Review: An Overall Good Issue Is Brought Low By A Toxic Cloud With ‘Detective Comics’ #1037

by Scott Redmond

Summary

The new creative direction remains entertaining and adds so much to Bruce Wayne’s world while expanding out Gotham and its citizens in many ways. Unfortunately, a problematic artist has come aboard causing the book to lose some of its very uniquely stylized look that had been established in prior issues. The addition of backups continues to allow for more characters to get the spotlight as the past and present of Gotham and Batman grow in intriguing ways.

Overall
7/10
7/10

Far too often some variations of the words “the comic industry will break your heart” find their way around the comic book sections of social media/the internet. While it comes up often because it’s true, it’s probably far more accurate at this point to state “the comic book industry will frustrate you to no end.” Unfortunately, this week presented one of the cases that makes those sayings ring too true far too often.

Let’s just get right into it. DC Comics made a huge move by tapping Mariko Tamaki to be the first woman to ever write Detective Comics and only the second to ever write one of the main flagship Batman-related books (Devin Grayson being the first). Pairing her with Dan Mora and Jordie Bellaire on the art was a fantastic move and the book has been a wonderful stylistic gorgeous ride since they came aboard a few months ago.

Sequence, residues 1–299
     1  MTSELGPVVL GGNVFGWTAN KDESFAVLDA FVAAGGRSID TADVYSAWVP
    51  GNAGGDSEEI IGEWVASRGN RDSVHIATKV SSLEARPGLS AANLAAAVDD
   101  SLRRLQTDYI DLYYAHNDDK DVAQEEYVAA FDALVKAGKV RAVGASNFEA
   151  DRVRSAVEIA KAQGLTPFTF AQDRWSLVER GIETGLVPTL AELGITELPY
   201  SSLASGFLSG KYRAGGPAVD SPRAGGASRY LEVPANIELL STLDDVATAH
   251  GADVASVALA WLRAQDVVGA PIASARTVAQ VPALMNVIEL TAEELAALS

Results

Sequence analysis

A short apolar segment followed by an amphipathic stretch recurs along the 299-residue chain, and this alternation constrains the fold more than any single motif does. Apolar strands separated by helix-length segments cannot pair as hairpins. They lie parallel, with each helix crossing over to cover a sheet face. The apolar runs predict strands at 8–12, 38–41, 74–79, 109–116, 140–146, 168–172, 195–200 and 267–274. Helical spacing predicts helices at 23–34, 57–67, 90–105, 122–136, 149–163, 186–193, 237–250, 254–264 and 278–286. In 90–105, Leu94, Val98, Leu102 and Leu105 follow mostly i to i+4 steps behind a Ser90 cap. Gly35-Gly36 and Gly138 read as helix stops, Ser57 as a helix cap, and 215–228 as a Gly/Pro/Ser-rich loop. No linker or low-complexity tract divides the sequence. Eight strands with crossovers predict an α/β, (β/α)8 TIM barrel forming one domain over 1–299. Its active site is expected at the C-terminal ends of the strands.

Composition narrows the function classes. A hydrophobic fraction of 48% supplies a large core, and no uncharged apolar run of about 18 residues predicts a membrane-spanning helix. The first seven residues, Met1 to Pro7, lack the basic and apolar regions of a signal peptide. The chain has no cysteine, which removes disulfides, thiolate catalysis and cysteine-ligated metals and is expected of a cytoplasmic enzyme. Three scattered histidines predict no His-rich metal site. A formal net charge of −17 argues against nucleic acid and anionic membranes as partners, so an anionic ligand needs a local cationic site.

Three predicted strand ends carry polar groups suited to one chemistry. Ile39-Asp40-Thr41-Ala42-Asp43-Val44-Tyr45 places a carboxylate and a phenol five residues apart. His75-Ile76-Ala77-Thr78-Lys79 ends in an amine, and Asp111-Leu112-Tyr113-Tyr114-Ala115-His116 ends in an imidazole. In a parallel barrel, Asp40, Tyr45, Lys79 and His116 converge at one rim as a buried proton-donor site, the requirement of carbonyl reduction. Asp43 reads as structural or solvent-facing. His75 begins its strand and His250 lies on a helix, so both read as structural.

Jump to the current issue where Mora is off art for a few issues and his replacement is one Viktor Bogdanovic. An artist who has been around and handled books like Aquaman and Wolverine for the Big 2 publishers. He’s also the artist that caused a stir last year by mocking sexual assault by revealing his own story and claiming women should just learn to roundhouse kick to stop assaults/harassment from happening. When the internet rightfully clapped back, Bogdanovic doubled down and threw out blocks (this reviewer being one of the blocked) and then threw out a lacklustre “sorry not sorry” so-called apology.

Art aside, which honestly comes off as a downgrade to a more just standard superhero fare in this issue after the gorgeous version of Gotham we’ve been getting in previous issues, putting this man on this book is an awful move. The fact that he quietly moved off Wolverine (where he was when the tweets came out) and easily bounced back over across the metaphorical street to snag another big book is continued further proof of how broken and gross the industry can be.

The story is still interesting and Tamaki shows some really awesome skills at being able to showcase tons of different genre feelings in just a handful of issues. Bellaire continues to do her best with the colors which keep a bit of the stylized look of the previous issues and actually helps to elevate things a bit. Jonathan Glapion does some really solid ink work alongside Bogdanovic’s work on the pages.

Aditya Bidikar has been stellar on lettering and that hasn’t changed here at all, some really solid choices that bring the emphasis and power to some of the dialogue and those big bold SFX that just shake the proverbial room.